Federal Reserve sees huge demand for cash after money market ‘shock’

Crunch in short-term borrowing market sends key policy rate above central bank’s target

Adam Samson in London and Joe Rennison in New York

Banks and investors rushed on Wednesday to gobble up $75bn in short-term cash the Federal Reserve made available in a second attempt to steady one of the world’s most important money markets.

Dealers submitted requests for over $80bn in overnight borrowing, exceeding the maximum amount the New York Fed had placed on offer. That amount far exceeded the $53bn demanded when the central bank stepped into the market on Tuesday for the first time in more than a decade.

In a sign of the crunch that has hit the short-term borrowing market, the Fed’s main policy rate, the federal funds rate, has jumped above the central bank’s 2 to 2.25 per cent target. Data released on Wednesday morning showed the rate rose to 2.3 per cent on Tuesday, from 2.25 per cent on Monday and 2.14 per cent at the end of last week.

The central bank has been forced to intervene after a severe imbalance in the so-called repo market sent the cost of borrowing cash overnight, known as the repo rate, surging to a historic peak.

The Fed had not previously used its repurchase agreement auction mechanism outside of small tests since the financial crisis in 2008 and encountered a hiccup on Tuesday as it attempted to open the facility for a large-scale operation.

“US funding markets were shocked this week as a combination of factors reduced the amount of cash available to fund securities positions,” said Alex Roever, head of US rates strategy at JPMorgan Securities, one of the two dozen primary dealers that act as trading counterparties for the Fed.

Analysts said the Fed’s dramatic intervention should be seen as a valve meant to release pressure on the repo market, in which banks and funds provide Treasuries and other securities in exchange for cash in transactions that reverse overnight.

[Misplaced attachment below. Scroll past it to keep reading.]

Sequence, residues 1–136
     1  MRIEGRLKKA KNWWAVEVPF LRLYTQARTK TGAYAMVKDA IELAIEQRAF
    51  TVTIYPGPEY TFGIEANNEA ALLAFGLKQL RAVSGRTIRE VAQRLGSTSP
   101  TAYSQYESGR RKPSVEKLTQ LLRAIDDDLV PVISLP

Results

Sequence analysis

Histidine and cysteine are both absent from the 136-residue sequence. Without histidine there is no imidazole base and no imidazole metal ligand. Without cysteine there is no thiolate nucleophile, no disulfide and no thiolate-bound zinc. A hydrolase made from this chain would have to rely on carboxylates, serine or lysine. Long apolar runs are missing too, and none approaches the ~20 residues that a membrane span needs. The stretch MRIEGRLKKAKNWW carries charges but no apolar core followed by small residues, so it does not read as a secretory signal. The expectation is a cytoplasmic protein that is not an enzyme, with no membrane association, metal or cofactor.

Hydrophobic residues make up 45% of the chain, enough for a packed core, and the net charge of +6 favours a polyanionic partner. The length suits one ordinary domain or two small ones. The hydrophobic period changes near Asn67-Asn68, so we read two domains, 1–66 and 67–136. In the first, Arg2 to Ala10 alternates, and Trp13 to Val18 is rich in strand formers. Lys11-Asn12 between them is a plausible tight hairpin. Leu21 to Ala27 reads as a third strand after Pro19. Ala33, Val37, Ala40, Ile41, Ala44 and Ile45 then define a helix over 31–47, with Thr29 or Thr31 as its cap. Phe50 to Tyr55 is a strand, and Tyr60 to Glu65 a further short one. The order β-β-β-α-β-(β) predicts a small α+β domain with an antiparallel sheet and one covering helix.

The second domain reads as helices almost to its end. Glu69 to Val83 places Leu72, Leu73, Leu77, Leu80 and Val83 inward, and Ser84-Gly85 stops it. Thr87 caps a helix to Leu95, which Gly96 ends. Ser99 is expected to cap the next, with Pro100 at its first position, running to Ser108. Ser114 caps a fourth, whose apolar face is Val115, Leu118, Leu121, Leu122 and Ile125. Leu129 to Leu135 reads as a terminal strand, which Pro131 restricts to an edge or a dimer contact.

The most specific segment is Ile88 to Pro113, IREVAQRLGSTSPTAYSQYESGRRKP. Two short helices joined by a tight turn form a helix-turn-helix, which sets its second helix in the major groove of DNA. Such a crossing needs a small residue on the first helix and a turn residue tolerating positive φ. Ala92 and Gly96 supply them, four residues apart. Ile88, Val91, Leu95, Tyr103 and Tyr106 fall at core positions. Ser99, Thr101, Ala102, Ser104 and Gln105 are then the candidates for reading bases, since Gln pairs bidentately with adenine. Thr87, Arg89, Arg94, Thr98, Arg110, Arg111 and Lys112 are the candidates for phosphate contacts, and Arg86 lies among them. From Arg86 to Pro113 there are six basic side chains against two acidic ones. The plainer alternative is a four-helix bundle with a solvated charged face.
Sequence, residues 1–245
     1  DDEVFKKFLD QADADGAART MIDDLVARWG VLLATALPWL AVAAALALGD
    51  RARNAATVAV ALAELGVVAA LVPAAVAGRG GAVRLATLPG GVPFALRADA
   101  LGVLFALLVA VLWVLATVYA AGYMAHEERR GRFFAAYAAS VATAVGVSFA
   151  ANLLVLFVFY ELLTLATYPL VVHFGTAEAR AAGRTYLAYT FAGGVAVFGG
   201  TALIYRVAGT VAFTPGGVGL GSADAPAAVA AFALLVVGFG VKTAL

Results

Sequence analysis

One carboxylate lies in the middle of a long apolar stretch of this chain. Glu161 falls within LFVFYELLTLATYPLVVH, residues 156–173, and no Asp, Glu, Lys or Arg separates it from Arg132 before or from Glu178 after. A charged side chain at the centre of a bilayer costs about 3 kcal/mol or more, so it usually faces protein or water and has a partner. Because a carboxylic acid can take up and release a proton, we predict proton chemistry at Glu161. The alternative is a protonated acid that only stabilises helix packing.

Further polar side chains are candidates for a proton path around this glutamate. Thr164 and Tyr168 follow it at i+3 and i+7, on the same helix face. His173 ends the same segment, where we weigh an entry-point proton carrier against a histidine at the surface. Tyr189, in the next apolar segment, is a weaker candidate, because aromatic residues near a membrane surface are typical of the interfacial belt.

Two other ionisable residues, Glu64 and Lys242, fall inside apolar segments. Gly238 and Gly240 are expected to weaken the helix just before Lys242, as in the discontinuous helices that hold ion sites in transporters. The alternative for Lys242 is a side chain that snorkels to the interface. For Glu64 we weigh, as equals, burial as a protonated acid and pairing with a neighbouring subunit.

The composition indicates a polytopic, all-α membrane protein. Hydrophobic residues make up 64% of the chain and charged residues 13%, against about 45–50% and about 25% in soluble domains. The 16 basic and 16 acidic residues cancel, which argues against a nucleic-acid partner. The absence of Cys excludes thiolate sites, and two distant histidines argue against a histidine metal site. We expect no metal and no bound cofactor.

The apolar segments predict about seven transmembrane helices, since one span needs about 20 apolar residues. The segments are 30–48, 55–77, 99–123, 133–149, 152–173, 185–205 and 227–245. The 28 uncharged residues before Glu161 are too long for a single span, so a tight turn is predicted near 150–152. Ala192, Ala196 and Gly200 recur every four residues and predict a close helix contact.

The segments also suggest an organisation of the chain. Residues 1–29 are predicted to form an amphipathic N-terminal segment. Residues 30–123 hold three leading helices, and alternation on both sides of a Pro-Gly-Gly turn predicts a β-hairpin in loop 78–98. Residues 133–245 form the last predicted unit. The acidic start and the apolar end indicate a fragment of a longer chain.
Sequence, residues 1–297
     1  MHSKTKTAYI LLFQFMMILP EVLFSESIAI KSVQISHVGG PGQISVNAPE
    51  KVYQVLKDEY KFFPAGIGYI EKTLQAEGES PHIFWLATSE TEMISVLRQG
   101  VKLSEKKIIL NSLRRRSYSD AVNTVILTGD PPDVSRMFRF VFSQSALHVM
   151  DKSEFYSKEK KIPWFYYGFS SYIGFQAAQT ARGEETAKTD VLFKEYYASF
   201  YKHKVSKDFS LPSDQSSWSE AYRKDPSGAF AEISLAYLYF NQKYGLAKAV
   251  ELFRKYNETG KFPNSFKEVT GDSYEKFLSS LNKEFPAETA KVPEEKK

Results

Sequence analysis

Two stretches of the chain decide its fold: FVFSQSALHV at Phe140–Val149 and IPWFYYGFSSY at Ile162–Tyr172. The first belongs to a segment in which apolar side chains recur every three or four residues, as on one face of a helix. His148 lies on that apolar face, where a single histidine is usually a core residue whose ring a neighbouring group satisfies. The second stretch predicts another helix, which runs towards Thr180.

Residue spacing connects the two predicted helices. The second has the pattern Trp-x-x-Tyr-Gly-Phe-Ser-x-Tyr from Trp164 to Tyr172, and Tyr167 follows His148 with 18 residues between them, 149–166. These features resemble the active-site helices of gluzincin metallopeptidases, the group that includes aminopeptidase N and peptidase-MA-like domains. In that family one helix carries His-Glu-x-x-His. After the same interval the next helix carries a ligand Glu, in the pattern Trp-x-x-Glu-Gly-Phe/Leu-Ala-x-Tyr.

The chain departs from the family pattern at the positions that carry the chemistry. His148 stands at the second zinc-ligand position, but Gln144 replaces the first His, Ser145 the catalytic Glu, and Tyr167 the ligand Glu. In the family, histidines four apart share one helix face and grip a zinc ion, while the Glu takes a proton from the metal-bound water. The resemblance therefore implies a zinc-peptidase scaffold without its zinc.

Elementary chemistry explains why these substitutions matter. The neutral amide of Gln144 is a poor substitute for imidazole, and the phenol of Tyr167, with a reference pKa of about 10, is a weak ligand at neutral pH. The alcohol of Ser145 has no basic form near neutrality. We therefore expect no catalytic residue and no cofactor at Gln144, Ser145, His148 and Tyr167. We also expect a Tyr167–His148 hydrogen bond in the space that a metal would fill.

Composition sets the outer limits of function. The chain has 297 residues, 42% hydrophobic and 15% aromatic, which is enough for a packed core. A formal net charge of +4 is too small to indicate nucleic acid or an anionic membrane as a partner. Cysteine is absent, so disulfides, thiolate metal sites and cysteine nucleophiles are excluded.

Wednesday’s operation and this week’s market ructions come as policymakers on the rate-setting Federal Open Market Committee are meeting in Washington. The central bank is expected to reduce its main policy rate by a quarter of a percentage point as it seeks to stimulate the economy in face of growing global headwinds.

Highlighting the importance of the repo market to financial stability, Mr Roever said that while the money markets were functioning normally, the sharp rise in the repo rate had reverberated elsewhere, such as the short-term corporate borrowing market known as commercial paper, on Tuesday.

Joseph Abate, a managing director focusing on money markets at Barclays Capital, another primary dealer, said that a combination of “temporary pressures” had struck the crucial portion of the financial system in recent days.

Analysts specifically pointed to corporations pulling billions of dollars out of money market funds, which are typically major providers of cash in repo transactions, ahead of tax deadlines as a key component of the shock. It had been exacerbated, they said, by a flood of Treasuries hitting the market, something that sharpened dealers’ demand for cash via repo transactions.

Banks, which typically step into the repo market, also made less cash available because of a decline over the past several years in their excess reserves, said Mr Roever.

Given the short-term nature of repo transactions, analysts said, the cash being made available by the Fed should not be seen as a loosening of monetary policy or a cumulative injection of cash into the market.

“[The repo] operation says that the Fed is watching the markets and is willing to intervene on a temporary basis if conditions warrant,” said Mr Roever. He said the recent bout of volatility in the repo markets would “almost certainly” be a topic at the FOMC meeting, which concludes on Wednesday.

Money market analysts will also be looking for clues on whether the Fed plans to make the repo auctions a regular occurrence, or whether the bank will take other actions aimed at stabilising the market.

Mr Roever warned that this week’s events may be a “prequel to what could come at year-end when US banks significantly reduce their footprint in the money markets” to manage certain regulatory capital levels.

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